Ethics and the expert witness

Ethics and the expert witness

Hannoch, Franklin Jr

Strict adherence to a code of ethics and the standards of professional practice that it embraces is largely in the mind of the “professional.” In other words, it is mostly a matter of self-discipline. One need only look at the canons or standards themselves to see their relationship to accepting assignments, contingent fees, sharing information, conflicts of interest, etc. There are exceptions to this personal integrity concept, such as advertising, but by far the most public involves appearing in the courtroom as an expert witness. Unlawful, unethical or improper behavior can go unnoticed, but not when one is in the witness chair or seated at counsel table.

The Appraisal Institute (formerly the American Institute of Real Estate Appraisers), recognized that ethics were on display in the courtroom, when they developed their program of “Appraisal Review.” The program required that in all litigated matters where members were on opposite sides, a report showing divergency had to be filed and reviewed for advocacy, incompetency or other manifestations of unacceptable, ethical behavior. This procedure was eventually discontinued, but it does emphasize the importance attached to a public display of inappropriate conduct. Such conduct not only reflects on the moral behavior of the expert witness, but also on the professional organization whose ethics and standards he or she swears to uphold. This, of course, should not imply that concealed misconduct is acceptable or that appraisals made for other than litigation can reflect advocacy, but emphasizes instead the importance of competent courtroom performance. The ethical conduct of an expert witness before a courtroom full of interested parties, other expert witnesses, attorneys, and perhaps the media is exemplified in many ways. Some are obvious and some are subtle, apparent only to the experienced judge or well-trained litigator.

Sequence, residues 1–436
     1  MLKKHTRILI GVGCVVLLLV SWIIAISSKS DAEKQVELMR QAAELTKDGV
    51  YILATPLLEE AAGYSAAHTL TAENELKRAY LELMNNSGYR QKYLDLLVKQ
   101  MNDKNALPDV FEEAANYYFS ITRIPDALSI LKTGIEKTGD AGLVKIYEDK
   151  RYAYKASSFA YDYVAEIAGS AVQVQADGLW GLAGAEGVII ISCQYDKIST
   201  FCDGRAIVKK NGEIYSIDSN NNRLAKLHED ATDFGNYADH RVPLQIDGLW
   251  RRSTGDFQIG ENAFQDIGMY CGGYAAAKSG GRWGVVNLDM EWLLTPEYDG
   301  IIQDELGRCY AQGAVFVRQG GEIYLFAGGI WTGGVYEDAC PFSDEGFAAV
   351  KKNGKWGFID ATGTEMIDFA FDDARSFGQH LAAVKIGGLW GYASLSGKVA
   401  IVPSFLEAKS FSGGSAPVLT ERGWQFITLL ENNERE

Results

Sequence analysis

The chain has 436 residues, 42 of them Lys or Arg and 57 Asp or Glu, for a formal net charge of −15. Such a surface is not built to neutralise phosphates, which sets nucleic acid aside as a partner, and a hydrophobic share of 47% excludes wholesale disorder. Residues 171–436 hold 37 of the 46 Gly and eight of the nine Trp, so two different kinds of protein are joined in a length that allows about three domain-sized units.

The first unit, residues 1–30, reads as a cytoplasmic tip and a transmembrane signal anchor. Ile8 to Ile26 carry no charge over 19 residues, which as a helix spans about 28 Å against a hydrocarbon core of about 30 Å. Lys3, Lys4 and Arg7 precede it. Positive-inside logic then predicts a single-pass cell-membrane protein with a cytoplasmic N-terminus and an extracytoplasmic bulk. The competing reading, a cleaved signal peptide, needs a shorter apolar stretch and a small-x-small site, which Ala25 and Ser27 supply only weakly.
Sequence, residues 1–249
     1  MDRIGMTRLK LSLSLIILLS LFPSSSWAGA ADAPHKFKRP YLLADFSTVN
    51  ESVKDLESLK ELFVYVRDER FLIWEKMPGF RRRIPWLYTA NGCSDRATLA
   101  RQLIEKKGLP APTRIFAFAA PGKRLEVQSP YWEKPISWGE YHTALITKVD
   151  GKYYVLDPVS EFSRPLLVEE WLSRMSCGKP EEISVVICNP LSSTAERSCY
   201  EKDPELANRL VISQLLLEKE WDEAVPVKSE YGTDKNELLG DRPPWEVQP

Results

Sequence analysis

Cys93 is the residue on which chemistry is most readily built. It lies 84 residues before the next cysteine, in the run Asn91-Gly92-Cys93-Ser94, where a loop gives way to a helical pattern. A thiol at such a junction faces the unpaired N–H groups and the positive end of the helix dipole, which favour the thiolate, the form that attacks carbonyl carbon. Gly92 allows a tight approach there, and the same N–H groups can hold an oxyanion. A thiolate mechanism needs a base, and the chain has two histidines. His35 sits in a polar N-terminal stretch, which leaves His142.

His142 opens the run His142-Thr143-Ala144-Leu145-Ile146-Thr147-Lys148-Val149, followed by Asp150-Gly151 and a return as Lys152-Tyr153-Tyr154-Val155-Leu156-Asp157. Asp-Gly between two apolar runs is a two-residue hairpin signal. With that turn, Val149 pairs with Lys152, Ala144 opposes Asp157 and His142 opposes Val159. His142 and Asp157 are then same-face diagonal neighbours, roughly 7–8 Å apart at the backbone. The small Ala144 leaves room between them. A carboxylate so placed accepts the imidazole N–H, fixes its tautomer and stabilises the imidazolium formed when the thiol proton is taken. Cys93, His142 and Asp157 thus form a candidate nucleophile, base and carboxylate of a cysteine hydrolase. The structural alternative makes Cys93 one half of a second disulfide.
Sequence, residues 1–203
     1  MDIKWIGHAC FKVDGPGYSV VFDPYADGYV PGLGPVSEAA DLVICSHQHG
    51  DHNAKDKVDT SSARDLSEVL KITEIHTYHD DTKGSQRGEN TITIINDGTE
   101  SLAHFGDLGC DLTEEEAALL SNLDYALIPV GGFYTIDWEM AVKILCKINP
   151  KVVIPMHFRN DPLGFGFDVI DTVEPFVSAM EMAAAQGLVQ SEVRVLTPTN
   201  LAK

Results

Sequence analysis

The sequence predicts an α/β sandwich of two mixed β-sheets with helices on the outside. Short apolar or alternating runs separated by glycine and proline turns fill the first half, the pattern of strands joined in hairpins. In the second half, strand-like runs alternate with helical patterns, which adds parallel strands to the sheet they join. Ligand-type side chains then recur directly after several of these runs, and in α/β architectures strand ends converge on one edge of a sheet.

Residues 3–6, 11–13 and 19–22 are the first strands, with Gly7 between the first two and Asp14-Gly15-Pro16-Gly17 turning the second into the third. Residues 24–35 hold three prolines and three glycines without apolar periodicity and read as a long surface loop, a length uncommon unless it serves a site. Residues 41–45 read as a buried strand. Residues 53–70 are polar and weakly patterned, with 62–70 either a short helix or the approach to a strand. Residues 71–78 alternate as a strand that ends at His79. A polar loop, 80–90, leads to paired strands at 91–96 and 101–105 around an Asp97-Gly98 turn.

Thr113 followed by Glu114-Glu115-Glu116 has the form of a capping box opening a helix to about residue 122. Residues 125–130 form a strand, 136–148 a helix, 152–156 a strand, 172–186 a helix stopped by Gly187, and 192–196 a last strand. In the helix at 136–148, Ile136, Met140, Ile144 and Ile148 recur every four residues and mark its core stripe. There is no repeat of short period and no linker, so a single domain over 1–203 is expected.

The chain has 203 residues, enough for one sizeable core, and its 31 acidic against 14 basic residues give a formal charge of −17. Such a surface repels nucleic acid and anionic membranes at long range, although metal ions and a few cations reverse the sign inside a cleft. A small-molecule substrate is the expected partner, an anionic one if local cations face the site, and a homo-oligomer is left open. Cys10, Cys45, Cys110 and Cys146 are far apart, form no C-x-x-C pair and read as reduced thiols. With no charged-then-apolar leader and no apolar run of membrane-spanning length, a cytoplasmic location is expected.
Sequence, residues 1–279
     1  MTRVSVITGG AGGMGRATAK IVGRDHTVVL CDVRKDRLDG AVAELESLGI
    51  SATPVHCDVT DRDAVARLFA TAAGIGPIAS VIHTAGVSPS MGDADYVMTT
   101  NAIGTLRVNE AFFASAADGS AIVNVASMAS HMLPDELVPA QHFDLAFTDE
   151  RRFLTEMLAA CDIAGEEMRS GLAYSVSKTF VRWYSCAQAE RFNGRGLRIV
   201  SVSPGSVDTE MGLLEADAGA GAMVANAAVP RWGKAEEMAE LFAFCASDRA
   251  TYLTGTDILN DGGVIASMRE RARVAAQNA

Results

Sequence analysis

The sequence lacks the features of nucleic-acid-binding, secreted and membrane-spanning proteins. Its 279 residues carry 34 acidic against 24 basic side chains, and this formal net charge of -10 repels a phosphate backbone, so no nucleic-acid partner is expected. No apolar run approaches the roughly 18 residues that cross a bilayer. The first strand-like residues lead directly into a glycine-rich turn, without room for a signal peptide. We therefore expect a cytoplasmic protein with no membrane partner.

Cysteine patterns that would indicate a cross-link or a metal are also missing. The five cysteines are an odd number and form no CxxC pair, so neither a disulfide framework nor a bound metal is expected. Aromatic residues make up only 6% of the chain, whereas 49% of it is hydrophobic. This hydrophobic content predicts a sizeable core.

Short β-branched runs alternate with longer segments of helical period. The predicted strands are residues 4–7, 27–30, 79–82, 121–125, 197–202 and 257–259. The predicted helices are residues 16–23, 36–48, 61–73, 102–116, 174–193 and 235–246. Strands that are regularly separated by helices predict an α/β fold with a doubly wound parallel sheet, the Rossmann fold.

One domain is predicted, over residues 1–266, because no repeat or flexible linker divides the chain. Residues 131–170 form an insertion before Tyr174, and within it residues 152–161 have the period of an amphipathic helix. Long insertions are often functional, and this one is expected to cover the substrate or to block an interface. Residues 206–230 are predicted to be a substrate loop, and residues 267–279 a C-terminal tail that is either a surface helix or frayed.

In most courtroom situations, the expert witness is expected to be objective and unbiased–a friend of the court, so to speak. Therefore, the expert who sits at the counsel table passing notes to or whispering in the ear of the attorney gives at least the appearance of advocacy. This form of unethical conduct is equally damaging before or after providing testimony, especially if a jury is present. Certain courts invite the expert to sit at counsel table when the judge is hearing a case without a jury, especially in litigation that involves an area where the attorneys themselves lack experience. The preferred procedure, however, is to confer with counsel during recess or before and after the court is in session. Nothing, however, beats good preparation well in advance of trial. There is a big difference between thoroughness and advocacy. If one is to testify about or prepare cross-examination on comparable data, no stone should be left unturned in the research process.

Another example of advocacy in valuation testimony relates to the selection of the appropriate method or approach. “The Uniform Standards of Professional Appraisal Practice” require the implementation of three approaches, except under certain conditions such as forcing a method that does not apply. Abuse of the exception rule represents advocacy when not justified. Calling a property “special purpose” and valuing it only by summation when comparable sale and income data are available, suggest that the witness is “reaching” for a high value to sustain an assessment or receive a high award in condemnation.